Cobbled market squares, towering church spires and medieval old towns that have stepped from the front of a Christmas card are just some of the reasons Polish cities rank amongst the most atmospheric in Europe. The secrets of Krakow have long been spilled, but Wroclaw and Torun are just as handsome and come without the tourist crowds.
Poland’s cities have long stolen most of the tourist headlines, but it’s also worth looking past the city gates for a holiday here. In the north you’ll find a stretch of golden beaches that culminate in the spa resort town of Sopot, while Zakopane, in the south, offers ski resorts and snow adventures in the towering Tatra Mountains.
Read on for our pick of the five best places in Poland to visit.
Filled with cobblestoned backstreets and grand townhouses, Wroclaw has the sort of Cinderella architecture that will keep you reaching for your camera. The fairytale is completed by a stunning market square in the heart of the centre, where you’ll find dozens of al fresco cafes, bars and local breweries making the most of the stunning scenery. The city is also famous for its islands. There are more than a dozen sprawled along the Odra River playing host to parks, boat rides and Wroclaw’s grand cathedral.
Better known for its snowfall than its sand, Poland’s beaches are long, white and powder soft. The seaside scene is best explored in Sopot. This 19th century spa town was once favoured by Kaisers and Kings, and its long wooden pier, gourmet fish and chip spots and recently renovated spa facilities meant it was only a matter of time before Sopot once again turned up on lists of the beach beaches in Europe. Pair Sopot with a trip through the history of Lech Walesa’s solidarity movement in nearby Gdansk.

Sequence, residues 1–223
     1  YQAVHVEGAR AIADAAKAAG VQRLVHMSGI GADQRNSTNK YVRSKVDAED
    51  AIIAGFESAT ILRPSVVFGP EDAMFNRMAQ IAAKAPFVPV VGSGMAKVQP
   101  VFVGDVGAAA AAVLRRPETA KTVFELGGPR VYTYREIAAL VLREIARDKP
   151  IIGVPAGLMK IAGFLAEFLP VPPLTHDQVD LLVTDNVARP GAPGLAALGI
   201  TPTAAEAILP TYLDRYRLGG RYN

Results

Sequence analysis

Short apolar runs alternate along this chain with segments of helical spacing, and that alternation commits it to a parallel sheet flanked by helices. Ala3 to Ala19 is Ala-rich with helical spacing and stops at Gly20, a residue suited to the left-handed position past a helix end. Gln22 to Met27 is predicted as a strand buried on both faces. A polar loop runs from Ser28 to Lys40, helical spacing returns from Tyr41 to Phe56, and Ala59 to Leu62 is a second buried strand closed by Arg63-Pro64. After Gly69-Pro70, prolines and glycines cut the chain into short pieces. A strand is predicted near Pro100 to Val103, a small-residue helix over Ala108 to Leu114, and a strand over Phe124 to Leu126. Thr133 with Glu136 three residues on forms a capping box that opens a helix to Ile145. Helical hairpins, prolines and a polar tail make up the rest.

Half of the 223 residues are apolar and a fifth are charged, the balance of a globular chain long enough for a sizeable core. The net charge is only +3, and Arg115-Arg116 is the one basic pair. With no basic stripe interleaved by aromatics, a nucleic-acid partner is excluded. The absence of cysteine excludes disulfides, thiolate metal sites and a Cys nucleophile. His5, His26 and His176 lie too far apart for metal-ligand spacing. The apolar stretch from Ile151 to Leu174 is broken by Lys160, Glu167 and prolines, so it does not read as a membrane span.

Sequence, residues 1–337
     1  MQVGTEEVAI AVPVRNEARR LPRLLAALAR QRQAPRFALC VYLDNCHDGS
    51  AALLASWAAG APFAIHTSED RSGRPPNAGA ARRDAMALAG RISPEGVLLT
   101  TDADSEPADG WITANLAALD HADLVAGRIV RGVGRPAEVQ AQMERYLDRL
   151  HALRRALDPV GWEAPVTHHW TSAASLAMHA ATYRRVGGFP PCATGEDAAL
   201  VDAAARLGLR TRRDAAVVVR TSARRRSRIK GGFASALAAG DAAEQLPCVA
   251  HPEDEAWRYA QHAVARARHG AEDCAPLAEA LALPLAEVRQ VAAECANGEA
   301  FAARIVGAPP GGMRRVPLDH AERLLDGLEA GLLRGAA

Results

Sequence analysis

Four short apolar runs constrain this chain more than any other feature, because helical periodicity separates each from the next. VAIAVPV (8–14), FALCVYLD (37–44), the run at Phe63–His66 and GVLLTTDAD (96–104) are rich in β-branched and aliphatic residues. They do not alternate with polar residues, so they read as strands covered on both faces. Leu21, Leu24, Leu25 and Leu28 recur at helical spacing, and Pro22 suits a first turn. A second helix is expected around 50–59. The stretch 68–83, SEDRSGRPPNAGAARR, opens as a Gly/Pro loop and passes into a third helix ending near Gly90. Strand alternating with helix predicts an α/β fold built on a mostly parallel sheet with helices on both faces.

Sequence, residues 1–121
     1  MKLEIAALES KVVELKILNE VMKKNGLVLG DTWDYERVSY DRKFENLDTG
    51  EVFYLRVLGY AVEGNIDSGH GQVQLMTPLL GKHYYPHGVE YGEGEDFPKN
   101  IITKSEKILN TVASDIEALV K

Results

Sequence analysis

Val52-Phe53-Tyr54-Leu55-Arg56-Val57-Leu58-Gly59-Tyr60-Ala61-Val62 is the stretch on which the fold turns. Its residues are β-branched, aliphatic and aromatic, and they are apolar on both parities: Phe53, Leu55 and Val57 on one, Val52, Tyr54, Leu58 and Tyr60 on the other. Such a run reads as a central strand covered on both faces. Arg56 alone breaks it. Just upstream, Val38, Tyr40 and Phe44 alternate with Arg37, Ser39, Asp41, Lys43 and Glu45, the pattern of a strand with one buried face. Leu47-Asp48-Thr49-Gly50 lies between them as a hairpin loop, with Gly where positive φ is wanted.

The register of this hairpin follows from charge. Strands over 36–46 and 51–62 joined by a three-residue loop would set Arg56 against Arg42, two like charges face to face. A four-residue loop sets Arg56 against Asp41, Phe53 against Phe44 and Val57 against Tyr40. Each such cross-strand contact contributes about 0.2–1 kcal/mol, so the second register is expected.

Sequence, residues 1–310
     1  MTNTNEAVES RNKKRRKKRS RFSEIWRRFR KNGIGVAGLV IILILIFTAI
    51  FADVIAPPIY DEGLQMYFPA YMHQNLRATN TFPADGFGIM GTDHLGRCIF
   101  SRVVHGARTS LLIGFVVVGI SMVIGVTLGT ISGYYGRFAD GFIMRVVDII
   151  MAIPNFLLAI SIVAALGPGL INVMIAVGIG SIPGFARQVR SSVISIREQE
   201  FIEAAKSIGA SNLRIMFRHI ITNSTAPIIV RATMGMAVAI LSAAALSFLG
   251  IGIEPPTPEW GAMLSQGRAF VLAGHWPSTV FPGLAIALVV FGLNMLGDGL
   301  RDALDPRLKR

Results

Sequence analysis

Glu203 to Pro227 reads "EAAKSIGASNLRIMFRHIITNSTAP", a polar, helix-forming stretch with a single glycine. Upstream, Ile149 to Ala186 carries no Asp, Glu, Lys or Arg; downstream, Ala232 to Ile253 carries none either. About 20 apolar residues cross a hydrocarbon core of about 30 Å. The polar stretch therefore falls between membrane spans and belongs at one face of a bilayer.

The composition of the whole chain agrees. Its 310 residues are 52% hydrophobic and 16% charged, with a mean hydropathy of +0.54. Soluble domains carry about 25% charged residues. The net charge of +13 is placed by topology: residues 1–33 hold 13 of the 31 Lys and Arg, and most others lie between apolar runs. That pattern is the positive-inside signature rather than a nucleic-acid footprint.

Little know and all the better for it, Torun’s beautiful timber framed townhouses and red brick churches make up a medieval old town that is one of the best preserved in Europe. With few visitors, you’ll be able to explore the Gothic town walls and flashy baroque churches at your own pace. You’ll also learn about local celebrity Nicholas Copernicus. The astronomer was born in Torun, and his birthplace is given over to a museum filled with artefacts from his life.
With prime access to first class ski runs in the peaks of the nearby Tatra Mountains, Zakopane is Poland’s winter capital. Not that you need skis or snow to enjoy the region. In summer there are hikes into glacial valleys decorated with waterfalls and mountain lakes. The toblerone-shaped log cabins that dot the foothills belong to the Gorale, an independent community with their own distinct folk traditions. Spend the evenings back in Zakopane watching them cross axes in a Gorale dance and listening to fiddles by the fireside.
If it’s your first time in Poland, you have to see Krakow. Its meandering cobblestone streets, grand royal palaces and soaring spires of ancient churches combine to create an unrivalled classical collection of European architecture. UNESCO agrees, and didn’t just put Krakow’s individual buildings on its heritage list but the whole Old Town district. This is also the best place in Poland to discover the country’s rich Jewish heritage. In the renovated Kazimierz district bookshops, restaurants and synagogues document the vibrant community that once lived here.